By Ryan BradleyPosted 10.28.2011 at 12:40 pm 0 Comments
Since 2009, an annual Thrilling Wonder Stories event has taken place at the Architectural Association in London, bringing people together from multiple disciplines to explore the spaces between fiction, science, and design.
This year, we're teaming with the Architectural Association and Studio-X NYC for Thrilling Wonder Stories 3.
The Museum of Modern Art's exhibition "Talk To Me" explores the complicated interactions between machines and their humans in a fun and fascinating way. Next week, the museum's holding an all-day symposium, open to the public.
It will feature discussions and presentations by curator Paola Antonelli and some 20 other luminaries, including chef Marcus Samuelsson, artist Natalie Jeremijenko, and performer Sputniko.
The newest documentary from one of our favorite directors, Gary Hustwit, just dropped. Titled Urbanized, it's the third movie in Hustwit's "design trilogy," which also includes Helvetica (which we reviewed shortly after its premiere) and Objectified, and focuses this time on the design of modern cities, and the more interesting question of who actually designs them.
During the 1950s, architecture, cars, and gadget design took on a curiously spaceflight-inspired aesthetic. Manufacturers built vehicles with ornamental tailfins. Upswept roofs and parabolas cropped up on buildings. Logos incorporated starbursts and satellite shapes, while parallelograms, wings, and free-form boomerangs became the motel sign shapes du jour. In retrospect, those designs look a little gimmicky, but they nonetheless reflect a collective 1950s confidence about America's dazzling future as a leader in space flight and economic prosperity.
Conceptual shelters that will protect us all from the perils of our rapidly changing environment: rising waters, extreme heat, rampant pollution and overpopulation
By Suzanne LaBarrePosted 10.18.2010 at 12:40 pm 27 Comments
Environmental disruptions and technological advances have always influenced where and how people live. Early humans may have left Africa after rapid fluctuations in rainfall destroyed their food supply, and the opening up of the American Southwest occurred roughly in parallel with improvements in air-conditioning technology. In the decades ahead, a warming planet and a booming population will again alter where we live and how we construct our homes.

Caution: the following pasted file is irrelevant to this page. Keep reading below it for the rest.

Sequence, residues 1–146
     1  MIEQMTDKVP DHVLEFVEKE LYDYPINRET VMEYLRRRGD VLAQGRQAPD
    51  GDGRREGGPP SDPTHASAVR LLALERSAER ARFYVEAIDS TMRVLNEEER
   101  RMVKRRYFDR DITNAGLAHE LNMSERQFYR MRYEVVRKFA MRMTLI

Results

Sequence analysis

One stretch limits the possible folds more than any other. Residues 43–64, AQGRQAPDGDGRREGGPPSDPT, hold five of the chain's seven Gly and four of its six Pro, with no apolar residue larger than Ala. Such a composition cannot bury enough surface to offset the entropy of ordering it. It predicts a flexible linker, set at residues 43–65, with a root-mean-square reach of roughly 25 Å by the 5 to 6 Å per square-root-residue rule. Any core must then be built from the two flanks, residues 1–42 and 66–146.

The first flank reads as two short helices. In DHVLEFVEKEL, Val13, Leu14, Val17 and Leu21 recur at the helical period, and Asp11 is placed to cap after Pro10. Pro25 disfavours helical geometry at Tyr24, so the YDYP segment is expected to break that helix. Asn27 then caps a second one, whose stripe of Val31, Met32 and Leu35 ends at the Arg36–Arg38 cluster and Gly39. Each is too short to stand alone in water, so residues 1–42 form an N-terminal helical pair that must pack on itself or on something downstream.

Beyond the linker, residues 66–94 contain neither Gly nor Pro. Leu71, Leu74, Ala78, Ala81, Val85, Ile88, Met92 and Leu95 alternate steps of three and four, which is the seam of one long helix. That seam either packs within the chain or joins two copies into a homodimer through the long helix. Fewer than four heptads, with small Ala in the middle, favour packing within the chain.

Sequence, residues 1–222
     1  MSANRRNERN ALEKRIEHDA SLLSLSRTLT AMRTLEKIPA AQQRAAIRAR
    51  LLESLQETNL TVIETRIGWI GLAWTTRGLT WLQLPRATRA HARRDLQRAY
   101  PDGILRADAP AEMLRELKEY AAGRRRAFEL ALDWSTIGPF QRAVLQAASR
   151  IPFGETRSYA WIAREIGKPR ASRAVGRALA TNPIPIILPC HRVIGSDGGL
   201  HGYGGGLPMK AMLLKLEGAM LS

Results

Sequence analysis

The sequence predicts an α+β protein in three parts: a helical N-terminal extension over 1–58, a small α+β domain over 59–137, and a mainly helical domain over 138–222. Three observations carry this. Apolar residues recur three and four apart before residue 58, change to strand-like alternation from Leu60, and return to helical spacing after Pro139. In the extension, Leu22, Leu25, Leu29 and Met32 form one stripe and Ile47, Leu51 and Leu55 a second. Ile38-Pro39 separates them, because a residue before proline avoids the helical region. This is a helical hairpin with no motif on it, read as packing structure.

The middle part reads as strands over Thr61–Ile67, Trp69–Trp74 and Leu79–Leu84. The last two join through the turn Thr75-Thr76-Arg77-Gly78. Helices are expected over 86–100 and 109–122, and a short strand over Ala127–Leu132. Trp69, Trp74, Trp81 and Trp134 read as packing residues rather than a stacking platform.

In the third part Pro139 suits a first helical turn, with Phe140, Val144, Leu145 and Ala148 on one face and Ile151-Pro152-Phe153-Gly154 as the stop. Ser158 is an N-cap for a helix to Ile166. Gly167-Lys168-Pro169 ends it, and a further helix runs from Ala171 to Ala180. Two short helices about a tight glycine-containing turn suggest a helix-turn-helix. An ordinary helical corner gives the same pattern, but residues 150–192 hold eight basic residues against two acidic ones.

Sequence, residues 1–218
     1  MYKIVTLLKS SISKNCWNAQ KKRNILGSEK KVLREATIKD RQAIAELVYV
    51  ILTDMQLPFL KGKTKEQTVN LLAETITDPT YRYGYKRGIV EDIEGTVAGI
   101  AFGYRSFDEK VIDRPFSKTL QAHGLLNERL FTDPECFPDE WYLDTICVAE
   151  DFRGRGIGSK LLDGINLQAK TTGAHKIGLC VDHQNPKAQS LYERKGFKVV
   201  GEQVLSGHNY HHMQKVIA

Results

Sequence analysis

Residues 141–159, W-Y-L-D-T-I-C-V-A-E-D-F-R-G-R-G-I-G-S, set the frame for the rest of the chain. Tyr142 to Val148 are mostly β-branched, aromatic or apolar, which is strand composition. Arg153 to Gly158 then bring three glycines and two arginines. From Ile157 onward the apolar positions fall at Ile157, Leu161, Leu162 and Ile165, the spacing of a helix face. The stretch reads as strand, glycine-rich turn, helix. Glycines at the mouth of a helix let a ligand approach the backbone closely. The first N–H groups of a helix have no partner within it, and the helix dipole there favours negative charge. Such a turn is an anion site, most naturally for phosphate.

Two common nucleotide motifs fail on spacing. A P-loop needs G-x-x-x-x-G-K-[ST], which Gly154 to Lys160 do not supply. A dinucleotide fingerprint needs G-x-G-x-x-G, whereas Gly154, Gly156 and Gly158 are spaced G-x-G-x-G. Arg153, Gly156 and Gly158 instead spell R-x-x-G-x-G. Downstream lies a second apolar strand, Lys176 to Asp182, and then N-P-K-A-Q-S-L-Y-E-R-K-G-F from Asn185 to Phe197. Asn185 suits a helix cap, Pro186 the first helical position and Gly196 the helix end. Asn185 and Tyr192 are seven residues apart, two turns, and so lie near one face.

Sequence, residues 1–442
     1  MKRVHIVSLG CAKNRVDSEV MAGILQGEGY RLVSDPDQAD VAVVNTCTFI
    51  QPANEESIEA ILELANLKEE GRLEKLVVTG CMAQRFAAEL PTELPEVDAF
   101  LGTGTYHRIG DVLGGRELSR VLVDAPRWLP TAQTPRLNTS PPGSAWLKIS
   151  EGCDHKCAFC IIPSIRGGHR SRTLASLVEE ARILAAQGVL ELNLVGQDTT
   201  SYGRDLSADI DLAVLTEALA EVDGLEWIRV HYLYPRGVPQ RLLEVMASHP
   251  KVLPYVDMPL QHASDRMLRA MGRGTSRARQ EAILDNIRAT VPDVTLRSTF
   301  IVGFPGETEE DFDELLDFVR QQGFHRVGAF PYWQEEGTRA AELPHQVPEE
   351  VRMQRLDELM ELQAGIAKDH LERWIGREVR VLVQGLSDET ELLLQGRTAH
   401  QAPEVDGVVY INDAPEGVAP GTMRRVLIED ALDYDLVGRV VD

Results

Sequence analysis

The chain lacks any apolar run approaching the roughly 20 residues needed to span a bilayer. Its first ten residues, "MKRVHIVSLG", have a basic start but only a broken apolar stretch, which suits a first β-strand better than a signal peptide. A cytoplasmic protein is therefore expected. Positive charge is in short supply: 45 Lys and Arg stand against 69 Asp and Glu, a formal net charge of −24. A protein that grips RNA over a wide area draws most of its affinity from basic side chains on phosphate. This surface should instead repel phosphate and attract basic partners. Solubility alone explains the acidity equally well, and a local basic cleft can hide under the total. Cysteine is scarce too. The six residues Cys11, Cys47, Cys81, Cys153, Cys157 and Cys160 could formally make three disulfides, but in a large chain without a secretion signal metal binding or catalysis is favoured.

A two-door roadster that turns into a camper. Diminutive bubbles of glass atop four wheels. Every kind of weird door you can think of (and the gull-wing is just the start). This collection of odd, beautiful, impractical, and lustworthy concept cars from Toyota, Honda, Nissan, and more stretches back a half-century.
By 2050, 74 percent of the world’s population will live in urban environments, according to a UN study. Swedish appliance manufacturer Electrolux annually challenges industrial design students to invent home appliances for small domestic spaces. This year's winners have just been announced, beating out an array of imagined household gadgets the Jetsons would envy.
Submissions addressed a wide range of household needs, from a closet that detects and removes clothing stains to a thought-controlled kitchen staffed by robots.
Clever augmented reality applications are becoming the natural byproducts of our modern computers--computers that are tiny, have eyes and other location-aware sensors, and are able to place a synthetic layer of information on our view of the world around us.
The latest is this "invisible" block of solid concrete dreamed up by artists Daniel Franke and Markus Kison. So how does it work?
Here's a novel way to get a little more out of time spent in the bathroom. An industrial design student at De Montfort University in Leicester, UK, has created a clever power generator that turns falling wastewater into electricity. The HighDro Power is a waterwheel-like turbine that can be incorporated into the pipes of tall buildings to turn one man's waste into another man's wattage.